Why one bank is rooting for Lonmin

Suzie Neuwirth
(Source: Getty)

Talks to resolve the workers’ strike that has blighted South Africa’s platinum mining industry for the past 21 weeks dissolved without an outcome on Monday, sending Lonmin’s share price down over three per cent.

Lonmin, along with its peers Anglo American Platinum and Impala Platinum, has reached a deadlock with the dominant Association of Mineworkers and Construction Union (Amcu) over wages.

The three mining firms, which together produce over half of the world’s platinum, have so far lost 21.7bn rand (£1.2bn) in earnings. But Saxo Bank remains bullish on Lonmin (which is still down today, by around 2.5 per cent). This is despite the fact that all of the FTSE 100 firm’s mining operations are currently offline – costing the company millions.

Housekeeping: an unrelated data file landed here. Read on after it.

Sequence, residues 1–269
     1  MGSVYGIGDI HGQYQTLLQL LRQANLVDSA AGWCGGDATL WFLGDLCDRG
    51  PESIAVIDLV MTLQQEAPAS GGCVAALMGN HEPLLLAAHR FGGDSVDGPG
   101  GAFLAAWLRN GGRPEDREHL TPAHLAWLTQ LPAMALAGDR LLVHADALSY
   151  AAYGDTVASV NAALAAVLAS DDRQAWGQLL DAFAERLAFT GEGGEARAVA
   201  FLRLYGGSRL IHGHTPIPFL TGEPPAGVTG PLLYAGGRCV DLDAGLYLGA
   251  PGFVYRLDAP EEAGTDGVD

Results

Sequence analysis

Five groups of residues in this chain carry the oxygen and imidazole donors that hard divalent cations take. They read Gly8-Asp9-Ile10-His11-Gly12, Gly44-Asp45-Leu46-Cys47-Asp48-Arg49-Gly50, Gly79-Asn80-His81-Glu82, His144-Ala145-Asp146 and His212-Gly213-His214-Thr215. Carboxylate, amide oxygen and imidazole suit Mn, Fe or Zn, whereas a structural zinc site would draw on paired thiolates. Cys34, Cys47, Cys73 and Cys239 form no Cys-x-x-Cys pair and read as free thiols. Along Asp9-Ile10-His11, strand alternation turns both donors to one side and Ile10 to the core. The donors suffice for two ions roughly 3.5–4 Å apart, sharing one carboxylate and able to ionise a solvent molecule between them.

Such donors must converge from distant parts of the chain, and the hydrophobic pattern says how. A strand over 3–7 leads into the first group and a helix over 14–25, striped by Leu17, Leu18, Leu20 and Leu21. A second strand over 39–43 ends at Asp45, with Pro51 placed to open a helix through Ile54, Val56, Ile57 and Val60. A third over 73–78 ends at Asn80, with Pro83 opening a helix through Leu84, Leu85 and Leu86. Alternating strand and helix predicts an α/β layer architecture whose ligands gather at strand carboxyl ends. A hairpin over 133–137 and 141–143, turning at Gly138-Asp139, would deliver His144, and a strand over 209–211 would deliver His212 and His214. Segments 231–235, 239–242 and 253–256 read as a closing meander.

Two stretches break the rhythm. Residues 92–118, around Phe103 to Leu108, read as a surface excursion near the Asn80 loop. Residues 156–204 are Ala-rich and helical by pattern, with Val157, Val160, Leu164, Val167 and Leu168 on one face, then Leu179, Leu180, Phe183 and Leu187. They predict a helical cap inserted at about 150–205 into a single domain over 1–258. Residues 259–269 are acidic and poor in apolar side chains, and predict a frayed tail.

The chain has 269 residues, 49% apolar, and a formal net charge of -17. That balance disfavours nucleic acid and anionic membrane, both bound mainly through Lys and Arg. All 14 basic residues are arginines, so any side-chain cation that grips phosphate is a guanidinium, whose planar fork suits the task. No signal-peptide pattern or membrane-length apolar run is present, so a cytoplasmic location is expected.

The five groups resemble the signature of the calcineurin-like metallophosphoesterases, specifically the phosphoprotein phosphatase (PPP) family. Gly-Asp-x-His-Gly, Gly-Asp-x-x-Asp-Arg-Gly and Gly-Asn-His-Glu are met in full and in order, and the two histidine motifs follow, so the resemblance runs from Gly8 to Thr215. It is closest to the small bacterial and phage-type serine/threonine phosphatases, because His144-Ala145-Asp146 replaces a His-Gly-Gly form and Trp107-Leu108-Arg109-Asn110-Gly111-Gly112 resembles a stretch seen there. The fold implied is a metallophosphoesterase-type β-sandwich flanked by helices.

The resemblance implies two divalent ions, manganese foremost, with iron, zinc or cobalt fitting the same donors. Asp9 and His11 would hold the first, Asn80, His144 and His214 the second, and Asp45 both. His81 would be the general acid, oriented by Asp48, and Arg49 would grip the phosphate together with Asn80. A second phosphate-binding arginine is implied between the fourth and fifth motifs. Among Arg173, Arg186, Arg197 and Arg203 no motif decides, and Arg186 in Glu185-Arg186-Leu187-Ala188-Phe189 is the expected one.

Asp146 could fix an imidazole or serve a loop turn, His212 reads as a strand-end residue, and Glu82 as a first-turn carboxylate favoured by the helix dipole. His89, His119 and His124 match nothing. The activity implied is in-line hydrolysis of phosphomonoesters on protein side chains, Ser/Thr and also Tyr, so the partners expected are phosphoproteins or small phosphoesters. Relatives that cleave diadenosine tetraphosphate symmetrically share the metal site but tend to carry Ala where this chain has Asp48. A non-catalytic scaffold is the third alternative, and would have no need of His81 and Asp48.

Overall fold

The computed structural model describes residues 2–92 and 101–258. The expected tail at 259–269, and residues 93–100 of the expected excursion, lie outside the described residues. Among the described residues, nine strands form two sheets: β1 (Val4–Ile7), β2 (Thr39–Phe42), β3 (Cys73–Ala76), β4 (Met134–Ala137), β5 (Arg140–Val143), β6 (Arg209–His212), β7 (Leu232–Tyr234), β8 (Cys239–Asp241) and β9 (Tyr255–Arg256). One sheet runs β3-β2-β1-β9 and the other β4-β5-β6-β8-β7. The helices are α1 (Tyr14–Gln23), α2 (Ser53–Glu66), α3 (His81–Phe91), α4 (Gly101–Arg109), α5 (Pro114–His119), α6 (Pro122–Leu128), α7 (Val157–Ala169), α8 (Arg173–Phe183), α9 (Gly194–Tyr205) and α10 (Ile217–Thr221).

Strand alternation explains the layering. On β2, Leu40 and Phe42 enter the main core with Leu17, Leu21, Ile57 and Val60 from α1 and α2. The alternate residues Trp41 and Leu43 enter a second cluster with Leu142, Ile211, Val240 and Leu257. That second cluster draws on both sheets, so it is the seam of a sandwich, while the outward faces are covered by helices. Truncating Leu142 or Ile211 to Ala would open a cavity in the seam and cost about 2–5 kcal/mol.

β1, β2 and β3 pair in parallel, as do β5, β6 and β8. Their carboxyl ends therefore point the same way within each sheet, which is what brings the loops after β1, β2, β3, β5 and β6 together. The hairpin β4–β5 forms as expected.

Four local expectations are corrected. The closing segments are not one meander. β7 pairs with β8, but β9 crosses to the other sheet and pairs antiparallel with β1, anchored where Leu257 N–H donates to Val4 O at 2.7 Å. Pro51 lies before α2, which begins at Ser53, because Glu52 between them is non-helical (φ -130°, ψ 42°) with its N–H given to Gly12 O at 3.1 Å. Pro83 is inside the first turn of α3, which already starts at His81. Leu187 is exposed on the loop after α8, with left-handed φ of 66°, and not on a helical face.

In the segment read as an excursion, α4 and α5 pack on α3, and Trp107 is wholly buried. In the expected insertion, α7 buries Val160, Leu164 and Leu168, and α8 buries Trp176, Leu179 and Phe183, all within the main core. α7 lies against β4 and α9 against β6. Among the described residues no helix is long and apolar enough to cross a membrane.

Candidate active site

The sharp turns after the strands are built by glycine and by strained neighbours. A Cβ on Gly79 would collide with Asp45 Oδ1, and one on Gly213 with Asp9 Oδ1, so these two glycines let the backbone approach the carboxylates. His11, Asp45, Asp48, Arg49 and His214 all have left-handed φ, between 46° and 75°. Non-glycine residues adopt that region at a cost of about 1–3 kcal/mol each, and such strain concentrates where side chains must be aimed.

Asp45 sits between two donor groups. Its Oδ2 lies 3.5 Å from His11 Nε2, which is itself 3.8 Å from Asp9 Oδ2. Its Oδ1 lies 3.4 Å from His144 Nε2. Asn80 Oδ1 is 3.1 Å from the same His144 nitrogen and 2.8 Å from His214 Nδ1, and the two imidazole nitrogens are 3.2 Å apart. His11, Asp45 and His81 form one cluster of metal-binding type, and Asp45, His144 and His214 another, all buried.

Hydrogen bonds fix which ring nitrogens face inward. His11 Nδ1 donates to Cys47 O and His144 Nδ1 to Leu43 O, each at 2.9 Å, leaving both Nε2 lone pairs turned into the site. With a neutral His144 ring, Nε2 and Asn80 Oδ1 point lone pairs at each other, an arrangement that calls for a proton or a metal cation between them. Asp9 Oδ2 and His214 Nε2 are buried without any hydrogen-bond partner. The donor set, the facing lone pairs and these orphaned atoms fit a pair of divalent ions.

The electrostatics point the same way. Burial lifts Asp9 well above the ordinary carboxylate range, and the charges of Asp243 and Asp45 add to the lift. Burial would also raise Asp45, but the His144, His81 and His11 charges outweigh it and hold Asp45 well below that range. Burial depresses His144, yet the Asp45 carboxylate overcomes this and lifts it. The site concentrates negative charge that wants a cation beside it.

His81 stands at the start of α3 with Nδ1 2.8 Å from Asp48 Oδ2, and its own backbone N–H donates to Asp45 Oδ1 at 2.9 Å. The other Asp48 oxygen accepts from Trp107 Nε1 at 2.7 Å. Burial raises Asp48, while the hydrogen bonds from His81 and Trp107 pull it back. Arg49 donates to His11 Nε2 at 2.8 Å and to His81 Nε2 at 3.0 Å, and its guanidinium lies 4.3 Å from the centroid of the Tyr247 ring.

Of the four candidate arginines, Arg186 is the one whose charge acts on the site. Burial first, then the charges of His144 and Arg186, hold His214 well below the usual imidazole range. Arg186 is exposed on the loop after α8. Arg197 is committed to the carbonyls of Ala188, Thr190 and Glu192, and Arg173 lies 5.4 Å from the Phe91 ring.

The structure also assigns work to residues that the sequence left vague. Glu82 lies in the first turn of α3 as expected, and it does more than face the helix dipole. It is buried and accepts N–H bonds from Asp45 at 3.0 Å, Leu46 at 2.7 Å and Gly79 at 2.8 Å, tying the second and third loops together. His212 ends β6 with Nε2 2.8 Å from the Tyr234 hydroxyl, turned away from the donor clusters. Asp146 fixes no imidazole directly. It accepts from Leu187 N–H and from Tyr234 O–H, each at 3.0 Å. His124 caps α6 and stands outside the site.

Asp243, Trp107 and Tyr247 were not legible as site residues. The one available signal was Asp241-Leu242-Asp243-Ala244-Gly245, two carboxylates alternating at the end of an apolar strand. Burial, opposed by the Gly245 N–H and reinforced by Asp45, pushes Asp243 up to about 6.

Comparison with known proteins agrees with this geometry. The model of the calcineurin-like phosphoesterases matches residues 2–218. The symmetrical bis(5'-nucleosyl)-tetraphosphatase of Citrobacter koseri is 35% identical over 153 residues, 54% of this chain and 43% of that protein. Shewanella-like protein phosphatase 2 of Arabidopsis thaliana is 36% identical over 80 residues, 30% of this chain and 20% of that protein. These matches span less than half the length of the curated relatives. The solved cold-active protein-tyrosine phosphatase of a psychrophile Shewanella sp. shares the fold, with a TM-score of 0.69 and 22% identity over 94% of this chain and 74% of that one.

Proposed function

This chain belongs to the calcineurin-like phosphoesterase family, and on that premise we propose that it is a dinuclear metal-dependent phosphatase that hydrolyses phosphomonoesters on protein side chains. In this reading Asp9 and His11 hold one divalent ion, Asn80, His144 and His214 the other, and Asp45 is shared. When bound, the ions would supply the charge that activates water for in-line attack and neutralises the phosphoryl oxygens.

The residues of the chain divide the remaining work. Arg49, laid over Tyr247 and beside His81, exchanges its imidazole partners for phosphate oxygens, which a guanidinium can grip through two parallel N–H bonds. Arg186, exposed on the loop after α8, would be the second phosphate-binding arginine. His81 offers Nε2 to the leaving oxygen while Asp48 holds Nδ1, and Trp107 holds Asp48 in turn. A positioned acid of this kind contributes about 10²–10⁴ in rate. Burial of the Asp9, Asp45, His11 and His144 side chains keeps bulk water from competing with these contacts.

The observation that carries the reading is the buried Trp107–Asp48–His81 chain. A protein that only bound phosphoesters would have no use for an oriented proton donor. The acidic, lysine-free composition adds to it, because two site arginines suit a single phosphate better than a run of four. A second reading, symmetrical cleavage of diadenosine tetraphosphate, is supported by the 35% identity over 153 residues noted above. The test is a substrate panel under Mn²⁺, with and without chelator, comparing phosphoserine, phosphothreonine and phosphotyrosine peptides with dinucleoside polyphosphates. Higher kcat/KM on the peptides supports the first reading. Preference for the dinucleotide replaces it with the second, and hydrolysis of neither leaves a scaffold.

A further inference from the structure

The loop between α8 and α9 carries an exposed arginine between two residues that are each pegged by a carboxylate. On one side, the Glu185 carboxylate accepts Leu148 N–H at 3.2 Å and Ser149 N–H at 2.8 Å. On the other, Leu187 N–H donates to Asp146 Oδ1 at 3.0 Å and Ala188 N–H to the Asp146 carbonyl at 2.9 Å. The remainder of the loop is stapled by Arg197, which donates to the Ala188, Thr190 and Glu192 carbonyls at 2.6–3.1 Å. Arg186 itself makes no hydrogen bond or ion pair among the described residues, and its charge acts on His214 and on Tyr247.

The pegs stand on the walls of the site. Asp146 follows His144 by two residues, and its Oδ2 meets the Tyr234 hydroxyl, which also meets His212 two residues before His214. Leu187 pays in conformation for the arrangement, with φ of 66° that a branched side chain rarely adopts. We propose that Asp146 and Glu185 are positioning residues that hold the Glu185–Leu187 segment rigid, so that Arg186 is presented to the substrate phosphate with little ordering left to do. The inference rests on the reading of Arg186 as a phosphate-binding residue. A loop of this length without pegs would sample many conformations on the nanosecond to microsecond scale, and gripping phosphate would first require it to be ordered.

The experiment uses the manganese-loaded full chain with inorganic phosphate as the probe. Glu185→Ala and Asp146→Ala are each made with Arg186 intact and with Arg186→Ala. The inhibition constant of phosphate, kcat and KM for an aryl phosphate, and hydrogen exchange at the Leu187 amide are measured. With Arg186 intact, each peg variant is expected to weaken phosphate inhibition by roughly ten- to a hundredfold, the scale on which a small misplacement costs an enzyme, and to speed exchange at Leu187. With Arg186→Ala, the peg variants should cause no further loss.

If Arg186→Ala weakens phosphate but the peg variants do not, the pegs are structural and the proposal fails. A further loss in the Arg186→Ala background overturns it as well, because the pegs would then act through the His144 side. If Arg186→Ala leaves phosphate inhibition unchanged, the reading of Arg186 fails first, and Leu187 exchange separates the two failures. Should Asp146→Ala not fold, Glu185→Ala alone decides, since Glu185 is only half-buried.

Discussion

“When the dispute is over it is estimated that it will take three months to get back to full production, but Lonmin has done it before as the miner was the fastest mining operator to get back to full operation in 2012 following wildcat strikes,” said Peter Garnry, head of equity strategy at the bank.

“Revenue is expected to decline 23 per cent this year but is expected to climb back by 52 per cent in the following fiscal year.” Garnry is taking a longer-term view on the stock. “The upside potential in Lonmin is significant though there are a lot of risks,” he said.

“But for investors who are willing to ride them over the long run (one to two years), Lonmin represents interesting opportunities, because at some point, the strike will end.”

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